(312d) Rapid Screening and Identification of Microbial Isolate Collections Using Microwell Recovery Arrays (Faculty/Industry Candidate)

Barua, N., Kansas State University
Hansen, R., Kansas State University
Herken, A., Kansas State University
Platt, T., Kansas State University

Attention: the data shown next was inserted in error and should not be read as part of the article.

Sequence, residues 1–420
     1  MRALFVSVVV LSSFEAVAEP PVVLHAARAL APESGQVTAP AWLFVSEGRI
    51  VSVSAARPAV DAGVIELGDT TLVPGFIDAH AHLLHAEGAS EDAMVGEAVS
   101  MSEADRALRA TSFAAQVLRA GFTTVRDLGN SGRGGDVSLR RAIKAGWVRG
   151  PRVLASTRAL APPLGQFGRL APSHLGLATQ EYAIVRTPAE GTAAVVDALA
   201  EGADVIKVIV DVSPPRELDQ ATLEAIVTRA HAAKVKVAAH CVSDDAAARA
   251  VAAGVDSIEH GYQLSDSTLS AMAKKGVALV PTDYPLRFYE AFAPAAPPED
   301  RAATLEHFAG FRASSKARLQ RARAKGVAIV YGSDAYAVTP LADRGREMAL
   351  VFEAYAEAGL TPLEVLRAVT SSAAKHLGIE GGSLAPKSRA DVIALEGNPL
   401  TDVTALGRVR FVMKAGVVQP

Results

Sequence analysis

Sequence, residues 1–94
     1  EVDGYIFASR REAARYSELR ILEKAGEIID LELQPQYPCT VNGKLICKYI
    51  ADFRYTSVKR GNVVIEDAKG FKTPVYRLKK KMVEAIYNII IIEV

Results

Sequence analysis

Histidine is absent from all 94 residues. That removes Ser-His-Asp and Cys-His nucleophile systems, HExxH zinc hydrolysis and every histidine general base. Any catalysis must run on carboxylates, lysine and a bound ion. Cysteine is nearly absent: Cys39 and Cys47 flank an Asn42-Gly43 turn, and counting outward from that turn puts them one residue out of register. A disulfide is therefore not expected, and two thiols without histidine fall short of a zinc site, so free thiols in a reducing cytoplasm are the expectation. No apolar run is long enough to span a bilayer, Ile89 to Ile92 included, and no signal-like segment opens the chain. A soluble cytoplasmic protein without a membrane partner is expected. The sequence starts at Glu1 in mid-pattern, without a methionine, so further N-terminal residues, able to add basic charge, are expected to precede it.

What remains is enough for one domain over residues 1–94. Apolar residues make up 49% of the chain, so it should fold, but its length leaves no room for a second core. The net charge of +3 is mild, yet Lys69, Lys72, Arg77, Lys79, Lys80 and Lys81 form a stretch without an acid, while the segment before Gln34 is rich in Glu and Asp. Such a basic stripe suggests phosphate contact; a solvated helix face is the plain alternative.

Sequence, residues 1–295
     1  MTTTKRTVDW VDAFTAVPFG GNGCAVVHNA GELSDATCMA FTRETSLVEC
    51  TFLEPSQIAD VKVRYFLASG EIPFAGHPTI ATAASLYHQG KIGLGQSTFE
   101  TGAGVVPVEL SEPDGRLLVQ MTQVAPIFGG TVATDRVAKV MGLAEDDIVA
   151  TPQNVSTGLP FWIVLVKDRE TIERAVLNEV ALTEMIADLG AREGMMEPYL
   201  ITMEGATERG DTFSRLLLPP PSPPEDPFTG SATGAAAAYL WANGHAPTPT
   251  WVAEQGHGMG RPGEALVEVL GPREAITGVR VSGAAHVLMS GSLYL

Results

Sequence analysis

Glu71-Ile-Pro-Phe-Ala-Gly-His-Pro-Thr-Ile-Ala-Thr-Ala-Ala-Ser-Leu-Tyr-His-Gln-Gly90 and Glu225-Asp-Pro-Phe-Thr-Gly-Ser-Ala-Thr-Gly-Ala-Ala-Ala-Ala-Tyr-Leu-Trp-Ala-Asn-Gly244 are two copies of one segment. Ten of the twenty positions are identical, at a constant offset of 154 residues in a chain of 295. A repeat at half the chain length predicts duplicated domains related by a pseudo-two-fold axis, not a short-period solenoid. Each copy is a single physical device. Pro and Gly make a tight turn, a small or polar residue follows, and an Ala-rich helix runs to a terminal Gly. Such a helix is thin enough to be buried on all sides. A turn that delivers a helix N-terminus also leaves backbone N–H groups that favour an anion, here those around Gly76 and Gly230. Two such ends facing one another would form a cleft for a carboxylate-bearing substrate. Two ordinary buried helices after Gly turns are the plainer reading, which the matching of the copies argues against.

Screening soil and root microbiomes for discovery of microorganisms that can inhibit the survival and growth of pathogenetic bacteria is important for developing improved probiotic and biocontrol agents. With the aid of the microwell recovery array (MRA), a novel high throughput screening tool, libraries containing hundreds to thousands of unique isolates are rapidly screened for pathogen suppression. The MRA is designed to generate random combinations between a fluorescently-labeled bacterial pathogen and a controlled number of microbiome isolates. Isolates that display the highest levels of pathogen antagonism can be extracted, validated with off-chip assays, then sequenced and identified. Here, MRAs were used to investigate Agrobacterium tumefaciens interactions with other members of plant microbiomes. A. tumefaciens is a key plant biotechnology tool and also the causative agent of Crown Gall disease. While A. tumefaciens pathogenesis and intraspecific interactions have been studied extensively, far less is known about A. tumefaciens interactions with other members of plant microbiomes. Fluorescently labeled A. tumefaciens sp.15955 was combined with non-pathogenic Agrobacterium isolates collected from native plant roots at the Konza Prairie Biological Station (Manhattan, KS) to isolate species capable of suppressing A. tumefaciens sp.15955. First, an inoculum of A.tumefaciens sp. 15955 expressing gfp and root isolates were seeded in microwells at various cellular ratios. After culture, selective recovery of cells from individual wells displaying highest levels of 15955 inhibition was achieved using a high-resolution, light-based extraction system. The interactions are then validated and the isolates are characterized. In our primary data, we have uncovered several candidates for inhibiting A.tumefaciens sp. 15955 growth. Discovery of such growth inhibiting isolates will help improve plant productivity by using them as reliable biocontrol agents that prevent Crown Gall disease.